When choosing an executor, you can name an individual or a professional (e.g., an attorney or a bank trust department) to handle your affairs.
A family member or close friend has knowledge of your affairs and would take a personal interest in the settlement of your estate and the well-being of your beneficiaries. However, he or she may not be the best choice. Serving as an executor is a time consuming and stressful task. Some of the executor’s duties are very demanding: preparing and filing tax returns, obtaining appraisals, making an accurate accounting, and these are things best left to professionals. By naming a professional to manage your affairs, you gain some permanence. A professional executor is unlikely to refuse to serve or to resign. In addition, it may be easier to hold a professional executor financially accountable for mismanagement than a nonprofessional. A professional who makes money from managing estates will have the investment expertise as well as the legal, tax, accounting, and computer abilities to do the job well and efficiently. You also gain some impartiality by having a professional manage your affairs. A professional executor should be more impartial to your beneficiaries or heirs. You also reduce the risk that your executor will make hardship loans to friends. However, by nominating a professional, you lose that personal touch from a friend or a relative who is not managing any other estates.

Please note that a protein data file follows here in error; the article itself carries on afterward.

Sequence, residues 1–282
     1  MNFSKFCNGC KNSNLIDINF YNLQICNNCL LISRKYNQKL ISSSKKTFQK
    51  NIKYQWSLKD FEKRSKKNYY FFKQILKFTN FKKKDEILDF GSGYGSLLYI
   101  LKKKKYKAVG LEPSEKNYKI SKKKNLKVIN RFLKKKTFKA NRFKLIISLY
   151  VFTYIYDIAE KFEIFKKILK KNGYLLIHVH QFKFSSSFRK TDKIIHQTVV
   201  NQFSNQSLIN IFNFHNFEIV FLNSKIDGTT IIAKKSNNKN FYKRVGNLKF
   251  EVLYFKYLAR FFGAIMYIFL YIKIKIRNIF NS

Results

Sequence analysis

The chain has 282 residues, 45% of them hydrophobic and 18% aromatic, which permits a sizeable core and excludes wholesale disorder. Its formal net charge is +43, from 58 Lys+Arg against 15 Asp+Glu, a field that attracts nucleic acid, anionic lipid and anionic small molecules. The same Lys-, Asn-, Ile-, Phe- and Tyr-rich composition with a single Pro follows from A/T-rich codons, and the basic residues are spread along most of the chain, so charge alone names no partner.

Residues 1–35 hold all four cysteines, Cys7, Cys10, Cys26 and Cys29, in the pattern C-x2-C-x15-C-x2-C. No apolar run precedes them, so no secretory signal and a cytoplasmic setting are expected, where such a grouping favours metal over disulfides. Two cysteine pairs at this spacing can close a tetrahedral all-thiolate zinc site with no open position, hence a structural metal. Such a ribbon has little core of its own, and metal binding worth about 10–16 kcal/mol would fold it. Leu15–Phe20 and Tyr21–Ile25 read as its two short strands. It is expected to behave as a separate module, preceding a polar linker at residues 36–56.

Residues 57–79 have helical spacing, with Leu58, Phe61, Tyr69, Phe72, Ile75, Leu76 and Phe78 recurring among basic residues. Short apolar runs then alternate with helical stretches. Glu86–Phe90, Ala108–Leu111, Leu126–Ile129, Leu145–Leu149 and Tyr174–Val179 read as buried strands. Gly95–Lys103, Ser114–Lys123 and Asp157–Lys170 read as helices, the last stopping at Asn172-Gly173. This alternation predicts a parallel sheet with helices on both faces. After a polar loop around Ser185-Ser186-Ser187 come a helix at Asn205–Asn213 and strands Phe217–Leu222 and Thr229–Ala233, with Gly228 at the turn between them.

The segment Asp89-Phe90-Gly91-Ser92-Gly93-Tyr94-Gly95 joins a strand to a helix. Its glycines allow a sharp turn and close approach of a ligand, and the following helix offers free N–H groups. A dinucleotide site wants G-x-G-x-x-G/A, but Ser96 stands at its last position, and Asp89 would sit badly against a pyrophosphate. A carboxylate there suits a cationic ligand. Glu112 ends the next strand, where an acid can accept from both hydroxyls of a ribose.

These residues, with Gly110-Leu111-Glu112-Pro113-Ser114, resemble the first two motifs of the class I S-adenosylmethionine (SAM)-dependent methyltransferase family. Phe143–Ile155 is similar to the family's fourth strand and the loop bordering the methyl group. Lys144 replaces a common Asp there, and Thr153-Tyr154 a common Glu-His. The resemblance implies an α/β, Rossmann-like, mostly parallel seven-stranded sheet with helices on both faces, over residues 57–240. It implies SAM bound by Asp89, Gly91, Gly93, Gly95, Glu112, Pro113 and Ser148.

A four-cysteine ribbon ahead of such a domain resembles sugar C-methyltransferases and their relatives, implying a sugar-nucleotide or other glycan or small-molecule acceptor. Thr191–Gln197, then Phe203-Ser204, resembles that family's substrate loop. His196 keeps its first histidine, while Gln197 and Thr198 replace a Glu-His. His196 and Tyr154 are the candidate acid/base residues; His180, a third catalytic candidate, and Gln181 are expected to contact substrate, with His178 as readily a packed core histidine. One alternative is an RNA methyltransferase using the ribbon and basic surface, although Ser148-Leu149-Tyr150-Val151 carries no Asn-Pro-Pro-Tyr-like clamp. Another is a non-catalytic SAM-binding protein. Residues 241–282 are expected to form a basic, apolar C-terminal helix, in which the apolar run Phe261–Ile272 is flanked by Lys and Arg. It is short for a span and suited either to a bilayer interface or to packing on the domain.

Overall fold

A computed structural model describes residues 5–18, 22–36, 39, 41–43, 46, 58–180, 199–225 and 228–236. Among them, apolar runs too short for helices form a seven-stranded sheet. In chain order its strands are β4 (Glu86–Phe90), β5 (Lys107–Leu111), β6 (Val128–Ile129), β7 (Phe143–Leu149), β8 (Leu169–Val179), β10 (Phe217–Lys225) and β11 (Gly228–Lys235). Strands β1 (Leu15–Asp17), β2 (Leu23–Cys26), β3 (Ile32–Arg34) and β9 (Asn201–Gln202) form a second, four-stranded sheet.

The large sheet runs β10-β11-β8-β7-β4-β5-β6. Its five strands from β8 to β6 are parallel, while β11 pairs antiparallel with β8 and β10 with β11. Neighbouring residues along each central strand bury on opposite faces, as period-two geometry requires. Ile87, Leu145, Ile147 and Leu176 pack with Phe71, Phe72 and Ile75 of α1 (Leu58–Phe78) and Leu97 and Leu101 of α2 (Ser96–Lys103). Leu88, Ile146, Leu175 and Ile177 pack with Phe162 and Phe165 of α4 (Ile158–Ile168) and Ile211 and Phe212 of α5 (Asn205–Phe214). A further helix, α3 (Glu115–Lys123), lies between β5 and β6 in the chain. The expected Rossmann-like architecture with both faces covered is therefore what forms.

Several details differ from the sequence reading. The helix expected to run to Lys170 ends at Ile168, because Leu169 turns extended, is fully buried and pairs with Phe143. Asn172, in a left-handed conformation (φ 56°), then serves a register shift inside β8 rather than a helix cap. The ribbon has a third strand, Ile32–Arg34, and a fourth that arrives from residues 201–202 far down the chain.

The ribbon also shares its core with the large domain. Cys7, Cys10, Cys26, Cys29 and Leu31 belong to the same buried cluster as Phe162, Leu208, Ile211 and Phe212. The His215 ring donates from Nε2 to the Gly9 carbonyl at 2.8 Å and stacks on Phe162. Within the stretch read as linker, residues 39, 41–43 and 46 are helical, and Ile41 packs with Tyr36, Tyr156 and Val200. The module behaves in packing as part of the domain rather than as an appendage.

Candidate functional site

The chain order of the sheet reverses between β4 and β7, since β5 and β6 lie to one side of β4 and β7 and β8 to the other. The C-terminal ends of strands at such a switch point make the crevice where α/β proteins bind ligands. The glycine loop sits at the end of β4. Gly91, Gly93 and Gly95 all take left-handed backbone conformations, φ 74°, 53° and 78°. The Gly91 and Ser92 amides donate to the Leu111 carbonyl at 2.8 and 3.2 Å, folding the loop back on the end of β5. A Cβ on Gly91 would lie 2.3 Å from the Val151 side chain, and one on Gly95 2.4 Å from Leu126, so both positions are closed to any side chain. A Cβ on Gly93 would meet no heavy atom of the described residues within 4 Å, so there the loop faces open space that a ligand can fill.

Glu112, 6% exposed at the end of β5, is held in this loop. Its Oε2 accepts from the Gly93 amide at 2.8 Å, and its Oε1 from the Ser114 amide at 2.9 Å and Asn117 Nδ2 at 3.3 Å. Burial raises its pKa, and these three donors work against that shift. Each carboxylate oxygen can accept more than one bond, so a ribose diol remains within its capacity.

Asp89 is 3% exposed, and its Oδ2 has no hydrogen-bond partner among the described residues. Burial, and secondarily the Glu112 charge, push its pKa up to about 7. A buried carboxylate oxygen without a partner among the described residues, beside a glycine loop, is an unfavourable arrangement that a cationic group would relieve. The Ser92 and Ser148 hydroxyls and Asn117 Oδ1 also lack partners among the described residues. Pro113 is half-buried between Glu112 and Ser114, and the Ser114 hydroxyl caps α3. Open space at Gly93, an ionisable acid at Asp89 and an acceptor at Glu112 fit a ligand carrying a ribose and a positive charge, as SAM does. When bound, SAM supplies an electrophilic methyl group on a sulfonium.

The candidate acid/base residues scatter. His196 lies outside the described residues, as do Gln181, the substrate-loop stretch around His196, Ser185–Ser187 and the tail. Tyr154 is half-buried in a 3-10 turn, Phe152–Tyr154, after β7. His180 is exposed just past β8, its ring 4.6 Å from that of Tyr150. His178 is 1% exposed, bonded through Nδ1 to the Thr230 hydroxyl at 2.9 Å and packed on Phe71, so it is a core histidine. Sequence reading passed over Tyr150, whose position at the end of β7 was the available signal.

In general, state laws require that the person who manages your affairs be an adult U.S. citizen. Additionally, your executor cannot be a convicted felon. State laws may also give special powers to your executor, or spell out what your executor can or cannot do. You can also use your will to grant your executor any special powers needed to carry out the instructions in your will.